Here you can see all the elements in precisely the right historical window. Papadopoulos was in contact with the Russian foreign ministry as part of his effort to broker a meeting between Trump and Putin. His Kremlin handler, Prof. Joseph Mifsud, served as both the go-between with the foreign ministry and the source of the leak on the stolen emails. There was as yet no suggestion that the hacked material came from the Democratic National Committee’s servers. The presumption was that they came from Clinton’s private server. The Russians appeared to be dangling this information to see what Trump’s team would do to win their release. They’re also re-introduced Guccifer as someone with inside knowledge of the hacks. A month later, on July 15th, Guccifer 2.0 will make an appearance and try to take responsibility for the DNC hacks.
Someone gave Napolitano this information and it came out garbled partly because it was disinformation and partly because Napolitano didn’t have a full picture of what was going on. But it became an article of faith that the 33,000 missing Clinton emails were out there somewhere and that they could sink Clinton’s campaign if they ever came to light.
This may also explain why Donald Trump Jr. agreed to take a June 9th meeting at Trump Tower with Russian intelligence assets who were promising dirt on Clinton. He might have been promised the missing emails or he may have just had that expectation because he lives in the same fever swamps of rightwing media as folks like Napolitano. Most likely, though, news of the pilfered emails had filtered up to the top by then from Papadopolous. In fact, either directly or indirectly, Papadopoulos must have been the source for Napolitano’s article.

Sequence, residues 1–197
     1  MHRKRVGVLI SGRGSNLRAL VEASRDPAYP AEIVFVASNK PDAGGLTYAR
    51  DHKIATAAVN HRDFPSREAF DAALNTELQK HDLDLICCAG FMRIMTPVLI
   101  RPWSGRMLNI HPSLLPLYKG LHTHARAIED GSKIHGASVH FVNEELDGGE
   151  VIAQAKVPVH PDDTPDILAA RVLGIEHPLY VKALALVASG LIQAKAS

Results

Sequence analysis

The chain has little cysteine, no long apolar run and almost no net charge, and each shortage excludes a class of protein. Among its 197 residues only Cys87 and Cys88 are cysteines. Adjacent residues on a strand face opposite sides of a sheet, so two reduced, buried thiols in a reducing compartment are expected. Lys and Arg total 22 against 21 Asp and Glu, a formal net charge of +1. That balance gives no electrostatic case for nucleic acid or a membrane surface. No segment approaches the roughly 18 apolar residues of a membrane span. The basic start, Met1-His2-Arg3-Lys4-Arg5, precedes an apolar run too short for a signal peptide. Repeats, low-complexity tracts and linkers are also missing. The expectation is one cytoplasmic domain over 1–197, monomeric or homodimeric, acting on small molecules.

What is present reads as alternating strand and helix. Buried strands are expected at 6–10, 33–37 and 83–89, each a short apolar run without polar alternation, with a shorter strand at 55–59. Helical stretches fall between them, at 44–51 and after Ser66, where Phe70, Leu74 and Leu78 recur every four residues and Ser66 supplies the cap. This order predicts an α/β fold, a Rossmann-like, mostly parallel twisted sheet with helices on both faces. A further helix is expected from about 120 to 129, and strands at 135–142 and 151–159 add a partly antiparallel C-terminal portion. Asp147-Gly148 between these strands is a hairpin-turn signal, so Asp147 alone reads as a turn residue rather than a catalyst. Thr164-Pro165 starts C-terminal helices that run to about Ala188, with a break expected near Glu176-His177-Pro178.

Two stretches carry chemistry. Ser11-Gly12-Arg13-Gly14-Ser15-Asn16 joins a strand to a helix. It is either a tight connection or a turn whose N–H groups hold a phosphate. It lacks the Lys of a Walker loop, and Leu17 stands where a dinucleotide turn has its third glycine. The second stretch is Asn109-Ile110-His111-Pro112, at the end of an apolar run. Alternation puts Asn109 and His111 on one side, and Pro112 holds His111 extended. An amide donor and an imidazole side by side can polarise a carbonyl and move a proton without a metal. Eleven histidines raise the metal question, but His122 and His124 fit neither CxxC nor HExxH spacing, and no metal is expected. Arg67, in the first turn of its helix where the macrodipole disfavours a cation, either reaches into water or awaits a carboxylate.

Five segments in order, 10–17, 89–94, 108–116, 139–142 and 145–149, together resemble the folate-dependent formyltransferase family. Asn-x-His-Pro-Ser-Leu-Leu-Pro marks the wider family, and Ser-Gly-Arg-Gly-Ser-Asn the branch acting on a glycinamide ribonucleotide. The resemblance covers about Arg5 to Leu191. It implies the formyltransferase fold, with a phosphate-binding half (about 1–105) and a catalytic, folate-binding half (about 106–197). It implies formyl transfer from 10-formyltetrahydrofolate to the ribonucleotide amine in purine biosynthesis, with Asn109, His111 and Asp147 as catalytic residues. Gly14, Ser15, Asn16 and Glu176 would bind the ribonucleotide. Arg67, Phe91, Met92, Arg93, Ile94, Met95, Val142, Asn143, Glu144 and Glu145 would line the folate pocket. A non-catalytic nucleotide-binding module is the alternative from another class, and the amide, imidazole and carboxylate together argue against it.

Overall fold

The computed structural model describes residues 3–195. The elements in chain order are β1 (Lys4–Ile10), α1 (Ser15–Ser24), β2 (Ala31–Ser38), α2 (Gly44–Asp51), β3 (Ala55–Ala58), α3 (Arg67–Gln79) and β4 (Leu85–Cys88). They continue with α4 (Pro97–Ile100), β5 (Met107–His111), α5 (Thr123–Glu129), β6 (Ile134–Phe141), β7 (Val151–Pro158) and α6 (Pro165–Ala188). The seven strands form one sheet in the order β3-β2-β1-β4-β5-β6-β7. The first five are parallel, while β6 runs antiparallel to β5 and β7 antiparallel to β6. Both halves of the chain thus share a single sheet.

One part of the puzzle I think is solved. The Trump folks knew the Russians had emails but they didn’t initially know that the source was the DNC and they wrongly assumed that they were from Clinton’s private server. Nonetheless, they eagerly sought to convince the Russians to deliver the damaging information, and that desire explains a lot of their behavior at the time.
Somehow, even after the DNC (and other) leaks started coming out, the belief that the 33,000 emails were out there somewhere never died. That’s why Michael Flynn and Peter W. Smith were still looking for them around Labor Day.
If I’m right about this, it is admittedly an awkward kind of collusion. But even if it involves a bunch of poorly or partly informed amateurs and an odd mix of campaign hangers-on and high officials, it is a determined effort to truck with stolen material. It absolutely dwarfs anything that Segretti did unless you think stealing official stationary and forging letters is the equivalent of encouraging a foreign adversary to break into the former Secretary of State’s server and steal official U.S. government documents.
Segretti did four months in jail. He probably got off easy. He got his law license back after two years, and by 2000 he was serving as co-chair of John McCain‘s presidential campaign in Orange County.
If the people who colluded and negotiated with the Russians for Clinton’s emails aren’t treated more severely, they too will make a comeback and haunt us in future elections.